Colorado Pioneer Monument, Subcriber #34, Joseph A. Thatcher

Colorado Pioneer Monument, Subscriber # 34

Joseph Addison Thatcher

Joseph A. Thatcher was one of thirty-three millionaires that lived in Colorado in 1892.  He was born in Shelby County, Kentucky in 1838.  Moving his way west, he attended Jones Commercial College in St. Louis, MO.  With his partner, John Ralston he traveled from Kansas City to Denver.  The trip took 47 days.  When he arrived he turned his cattle out on the grounds that would eventually house the Brown Palace Hotel.  From Denver he took the merchandise he brought to start a business to Central City.  The trip took nine days, as the trip was very difficult with full wagons.

In Central City his mercantile business failed.  From mercantile he moved to mining, purchasing a stamp mill.  That business also failed.  By now he had a basic understanding of mining, studying ores.  He was able to buy and sell mines.  He worked for Warren Hussey in Central City for seven years, until 1870.  He then bought the business, a bank, and changed the name to Thatcher, Standley & CO.  Joseph Standley and Joseph Thatcher owned the California mine in Central City.  The treasure of the bank was Frank C. Young.   In 1874 the name was changed to the First National Bank of Central City.  Thatcher was the President, Otto Sauer was the Vice President.  In 1882 Thatcher moved to Denver.  The following two years, 1883 and 1884 were spent traveling in Europe.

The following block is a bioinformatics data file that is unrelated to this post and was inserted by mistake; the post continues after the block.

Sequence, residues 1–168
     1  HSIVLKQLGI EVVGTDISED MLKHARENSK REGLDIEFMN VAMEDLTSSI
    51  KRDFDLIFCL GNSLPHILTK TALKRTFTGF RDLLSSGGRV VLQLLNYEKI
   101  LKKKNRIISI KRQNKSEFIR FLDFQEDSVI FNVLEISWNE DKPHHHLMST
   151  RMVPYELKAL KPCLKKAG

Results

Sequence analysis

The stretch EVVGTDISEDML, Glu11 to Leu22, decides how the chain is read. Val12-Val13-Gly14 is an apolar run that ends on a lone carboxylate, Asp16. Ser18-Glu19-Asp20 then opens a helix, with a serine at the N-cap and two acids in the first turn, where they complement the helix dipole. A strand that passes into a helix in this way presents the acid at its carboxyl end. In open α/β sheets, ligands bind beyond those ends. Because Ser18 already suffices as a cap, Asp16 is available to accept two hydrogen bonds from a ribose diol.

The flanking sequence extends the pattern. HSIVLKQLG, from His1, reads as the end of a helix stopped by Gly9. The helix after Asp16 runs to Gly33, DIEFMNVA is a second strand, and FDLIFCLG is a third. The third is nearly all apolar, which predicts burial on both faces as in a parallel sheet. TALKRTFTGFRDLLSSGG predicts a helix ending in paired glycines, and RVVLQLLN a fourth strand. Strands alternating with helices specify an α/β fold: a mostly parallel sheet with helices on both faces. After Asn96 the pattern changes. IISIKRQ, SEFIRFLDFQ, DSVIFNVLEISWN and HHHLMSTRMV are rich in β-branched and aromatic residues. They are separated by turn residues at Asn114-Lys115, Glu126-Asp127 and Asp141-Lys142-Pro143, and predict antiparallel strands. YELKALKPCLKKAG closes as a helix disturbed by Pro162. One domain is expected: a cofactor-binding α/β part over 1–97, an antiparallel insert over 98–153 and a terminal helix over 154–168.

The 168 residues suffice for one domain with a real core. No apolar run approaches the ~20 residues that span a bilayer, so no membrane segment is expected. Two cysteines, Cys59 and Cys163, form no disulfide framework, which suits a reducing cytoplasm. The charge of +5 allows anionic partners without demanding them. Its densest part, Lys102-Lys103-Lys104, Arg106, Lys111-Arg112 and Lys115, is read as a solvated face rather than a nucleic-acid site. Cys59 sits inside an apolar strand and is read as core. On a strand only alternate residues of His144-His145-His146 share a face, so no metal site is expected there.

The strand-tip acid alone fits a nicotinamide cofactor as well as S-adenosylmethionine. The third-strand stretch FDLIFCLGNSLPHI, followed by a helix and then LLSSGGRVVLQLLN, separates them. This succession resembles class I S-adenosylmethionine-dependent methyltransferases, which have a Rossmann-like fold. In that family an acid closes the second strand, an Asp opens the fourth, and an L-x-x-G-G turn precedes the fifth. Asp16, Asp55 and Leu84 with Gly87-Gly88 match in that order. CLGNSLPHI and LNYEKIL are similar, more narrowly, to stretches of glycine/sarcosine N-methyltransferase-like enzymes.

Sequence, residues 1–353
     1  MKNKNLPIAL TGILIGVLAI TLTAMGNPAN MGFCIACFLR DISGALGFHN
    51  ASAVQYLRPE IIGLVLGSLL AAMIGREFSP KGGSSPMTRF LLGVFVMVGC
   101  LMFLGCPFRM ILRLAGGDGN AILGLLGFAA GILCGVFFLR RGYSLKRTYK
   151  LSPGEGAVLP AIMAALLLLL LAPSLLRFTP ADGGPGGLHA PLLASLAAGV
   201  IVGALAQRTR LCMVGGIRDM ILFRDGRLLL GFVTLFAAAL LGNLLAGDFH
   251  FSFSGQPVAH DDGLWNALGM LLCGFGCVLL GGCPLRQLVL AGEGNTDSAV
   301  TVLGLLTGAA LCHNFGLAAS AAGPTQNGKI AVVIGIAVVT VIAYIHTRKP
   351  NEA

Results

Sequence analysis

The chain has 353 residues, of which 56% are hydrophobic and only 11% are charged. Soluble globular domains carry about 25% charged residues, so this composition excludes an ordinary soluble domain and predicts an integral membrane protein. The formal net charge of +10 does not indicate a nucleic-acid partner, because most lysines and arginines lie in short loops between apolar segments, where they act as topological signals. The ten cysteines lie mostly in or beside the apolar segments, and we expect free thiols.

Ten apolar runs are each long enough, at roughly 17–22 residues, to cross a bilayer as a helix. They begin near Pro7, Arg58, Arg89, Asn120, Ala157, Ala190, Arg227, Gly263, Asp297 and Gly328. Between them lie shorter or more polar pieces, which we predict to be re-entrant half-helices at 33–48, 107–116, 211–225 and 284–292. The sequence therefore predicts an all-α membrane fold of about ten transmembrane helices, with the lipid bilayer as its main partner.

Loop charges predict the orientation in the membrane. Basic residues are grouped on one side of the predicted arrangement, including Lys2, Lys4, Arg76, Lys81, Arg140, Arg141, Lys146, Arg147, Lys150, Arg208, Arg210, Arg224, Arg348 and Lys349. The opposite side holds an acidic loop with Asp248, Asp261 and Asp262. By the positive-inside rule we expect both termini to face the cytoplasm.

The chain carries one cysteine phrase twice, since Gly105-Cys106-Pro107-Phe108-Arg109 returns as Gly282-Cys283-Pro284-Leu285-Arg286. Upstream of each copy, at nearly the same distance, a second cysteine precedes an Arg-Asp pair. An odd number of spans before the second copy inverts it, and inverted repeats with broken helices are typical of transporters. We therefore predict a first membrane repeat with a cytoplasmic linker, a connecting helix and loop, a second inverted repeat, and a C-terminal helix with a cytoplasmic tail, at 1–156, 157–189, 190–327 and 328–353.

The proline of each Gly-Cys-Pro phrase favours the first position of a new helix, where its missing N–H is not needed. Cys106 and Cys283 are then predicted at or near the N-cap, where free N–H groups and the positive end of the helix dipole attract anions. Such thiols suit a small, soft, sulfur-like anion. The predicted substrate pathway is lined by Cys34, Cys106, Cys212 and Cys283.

In December of 1884 Joseph Thatcher again went into business, establishing the Denver National Bank.  Those involved with the bank included Dennis Sullivan, William H. James, Edward Eddy, James B. Grant, and Otto Sauer.  Thatcher remained as president of the bank until 1913.

Joseph Thatcher was on the initial Board of Trustees of the Colorado Museum of Natural History.  He also held the position as the first treasurer of the museum.  Eventually the North Wing of the museum, measuring 150 feet by 75 feet was donated at a cost of $75,000.  His charitable gifts also aided St. John’s Cathedral, St. Luke’s Hospital and the YMCA.

Other business ventures included the Denver Union Stock Yards, Denver Electric Co., Colorado Packing Co. and he was connected to the water and gas companies.

Thatcher’s best known legacy was the State of Colorado Thatcher Memorial Fountain at the Esplanade in City Park.  The monument commemorates the state and honors the qualities of Loyalty, Love and Learning.  It was designed by Illinois based sculpture Lorado Zadoc Taft (1860-1936).  The statue was dedicated September 14, 1918.  Joseph A. Thatcher passes away on October 25, 1918.  His final resting place is Fairmount Cemetery.

Thatcher’s wife, Frances Kintley of St. Louis was involved in the Women’s Club, St. Luke’s Hospital, YWCA and the West Central Territorial Committee.  She wrote the Social Code of Denver.

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The Thatcher Memorial as seen from Colfax Avenue, the South entrance to City Park.

Thatcher 1

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Thatcher was a Mason.

His mausoleum at Fairmount cost $53,350.

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Public Art Archive, website

History of Colorado, Wilbur Fisk Stone, S.J. Clark, pub. 1918

Vol II, Pg 28-30

Gilpin County, Colorado, Genealogy and History

Aspen Evening Chronicle, 10-5-1892, pg 2, column 3


One comment on “Colorado Pioneer Monument, Subcriber #34, Joseph A. Thatcher

  1. Pingback: Love, Loyalty, Learning – Dead in Denver

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This entry was posted on November 12, 2018 by in Larimer Street.
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